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NEW UPDATES Asean Affairs  28 January  2016  

 Brunei CPI down 0.4% in 2015

BRUNEI'S Consumer Price Index (CPI) fell by 0.4 per cent over the past year due to lower prices for transport, clothing and footwear, and education.

According to the latest report from the Department of Economic Planning and Development (JPKE), the cost of goods for the whole of 2015 was 0.4 per cent lower than the year before, noting price decreases in the index of Transport by 3.5 per cent, clothing and footwear by 3.5 per cent and education by 2.6 per cent.

The report released yesterday revealed the Transport cost had decreased due to lower cost of motor cars, bicycles, spare parts and accessories of vehicles, maintenance and repair of vehicles, passenger transport by air as well as transport by sea and inland water.

Meanwhile, cost of clothing and footwear went down due to lower cost of clothing materials, several garments, other articles of clothing and clothing accessories as well as shoes and other footwear.

The report also revealed that the cost of education went down 2.6 per cent due to lower fees of selected private school for pre-primary and primary education, secondary education as well as technical and vocational education.

Furnishings, Household Equipment and Routine Household Maintenance also went down 0.8 per cent due to lower cost of furniture and furnishings, carpets and other floor coverings, household textiles, household appliances as well as glassware, tableware and household utensils.

However, JPKE reported that costs have gone up in Housing (around 2.1 per cent) due to higher cost of rentals for housing as well as materials for the maintenance and repairs of the dwelling.

Cost of Food and Non-Alcoholic Beverages had also gone up on average about 0.8 per cent due to higher prices of meat (0.8 per cent), fish and seafood (3.0 per cent), milk, dairy products and eggs (1.2 per cent), fruits (3.5 per cent), vegetables (2.1 per cent) as well as other food products (1.0 per cent).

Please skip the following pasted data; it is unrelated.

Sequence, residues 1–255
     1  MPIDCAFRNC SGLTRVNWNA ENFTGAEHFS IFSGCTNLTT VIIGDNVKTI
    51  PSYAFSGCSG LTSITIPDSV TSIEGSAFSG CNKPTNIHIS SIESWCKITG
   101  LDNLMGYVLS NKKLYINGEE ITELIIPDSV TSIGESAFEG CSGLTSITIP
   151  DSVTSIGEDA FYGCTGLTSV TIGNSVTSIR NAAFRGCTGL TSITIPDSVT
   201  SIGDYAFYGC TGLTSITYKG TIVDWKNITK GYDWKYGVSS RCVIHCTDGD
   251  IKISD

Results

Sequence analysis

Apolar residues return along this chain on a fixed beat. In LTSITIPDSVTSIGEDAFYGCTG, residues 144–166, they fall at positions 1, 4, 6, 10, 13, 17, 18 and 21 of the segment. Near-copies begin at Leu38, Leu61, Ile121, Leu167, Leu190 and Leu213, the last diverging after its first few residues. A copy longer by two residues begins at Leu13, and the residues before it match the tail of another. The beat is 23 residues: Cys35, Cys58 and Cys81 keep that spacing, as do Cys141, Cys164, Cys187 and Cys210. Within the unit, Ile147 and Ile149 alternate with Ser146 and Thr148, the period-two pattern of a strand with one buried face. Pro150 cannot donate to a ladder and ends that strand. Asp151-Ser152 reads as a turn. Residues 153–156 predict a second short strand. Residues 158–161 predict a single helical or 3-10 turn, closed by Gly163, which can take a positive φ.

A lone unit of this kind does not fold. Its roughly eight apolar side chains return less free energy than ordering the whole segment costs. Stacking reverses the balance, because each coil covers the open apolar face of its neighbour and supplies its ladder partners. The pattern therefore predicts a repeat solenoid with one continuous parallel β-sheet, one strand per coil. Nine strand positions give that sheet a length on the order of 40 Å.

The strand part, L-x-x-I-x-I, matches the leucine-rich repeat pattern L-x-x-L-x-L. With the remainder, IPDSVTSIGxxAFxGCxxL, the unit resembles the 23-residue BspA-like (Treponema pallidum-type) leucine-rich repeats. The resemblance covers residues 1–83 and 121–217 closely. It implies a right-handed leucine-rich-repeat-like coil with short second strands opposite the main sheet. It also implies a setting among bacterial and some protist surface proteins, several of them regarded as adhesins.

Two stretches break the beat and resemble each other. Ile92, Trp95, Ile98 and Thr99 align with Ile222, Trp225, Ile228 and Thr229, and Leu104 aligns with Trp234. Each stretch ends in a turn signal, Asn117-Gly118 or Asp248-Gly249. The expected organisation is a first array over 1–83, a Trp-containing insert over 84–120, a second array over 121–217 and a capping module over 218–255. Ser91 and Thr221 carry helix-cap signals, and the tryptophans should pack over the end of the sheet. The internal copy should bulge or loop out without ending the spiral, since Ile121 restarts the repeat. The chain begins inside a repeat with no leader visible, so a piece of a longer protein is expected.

The CPI Index for restaurant and hotels rose 1.2 per cent due to higher prices of selected food items from restaurants, cafés, fast-food outlets and other eating places as well as accommodation services.

Meanwhile, the cost of Communication rose 0.7 per cent due to higher cost of telephone and telefax services, and the average prices of Miscellaneous Goods and Services went up 0.5 per cent due to higher cost of hairdressing, non-electric appliances for personal care; articles for personal hygiene, other products for personal care, financial services as well as other services.

In 2015, the cost of Healthcare went up 1.1 due to higher cost of medicinal preparations and patent medicines, medical products, therapeutic appliances and equipment, outpatient medical and dental services as well as paramedical and traditional services.

The report also revealed a month-on-month CPI increase for December 2015 at 0.5 per cent when compared to the previous month.

The increase was due to increases in Transport (4.3 per cent); Recreation and Culture (3.3 per cent); and Communication (0.2 per cent).

December’s Non-Food Index also increased by 0.6 per cent, while the Food and Non-Alcoholic Beverages Index decreased by less than 0.05 per cent.

On the other hand, decreases were recorded in Clothing and Footwear by 9.9 per cent followed by Furnishing, Household Equipment and Routine Household Maintenance (0.9 per cent); and Restaurants and Hotels (0.4 per cent).

Meanwhile, the index for Education remains unchanged.

Compared to December 2014, the CPI for December 2015 decreased by 1.0 per cent, mainly due to lower indices of Transport (0.6 per cent); Clothing and Footwear (8.0 per cent); and Education (2.8 per cent).

CPI is a measure of price changes of goods and services paid by the consumer in a specified period. The list of goods and services in the CPI is based on the average expenditure per household from the Household Expenditure Survey.

The full report for December and Annual 2015 is available from JPKE’s website:

The Brunei Times

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This year in Thailand-what next?

AseanAffairs   04 January 2011
By David Swartzentruber      

It is commonplace in journalism to write two types of articles at the transition point between the year that has passed and the New Year. As this writer qualifies as an “old hand” in observing Thailand with a track record dating back 14 years, it is time take a shot at what may unfold in Thailand in 2011.

The first issue that can’t be answered is the health of Thailand’s beloved King Bhumibol, who is now 83 years old. He is the world's longest reigning monarch, but elaborate birthday celebrations in December failed to mask concern over his health. More






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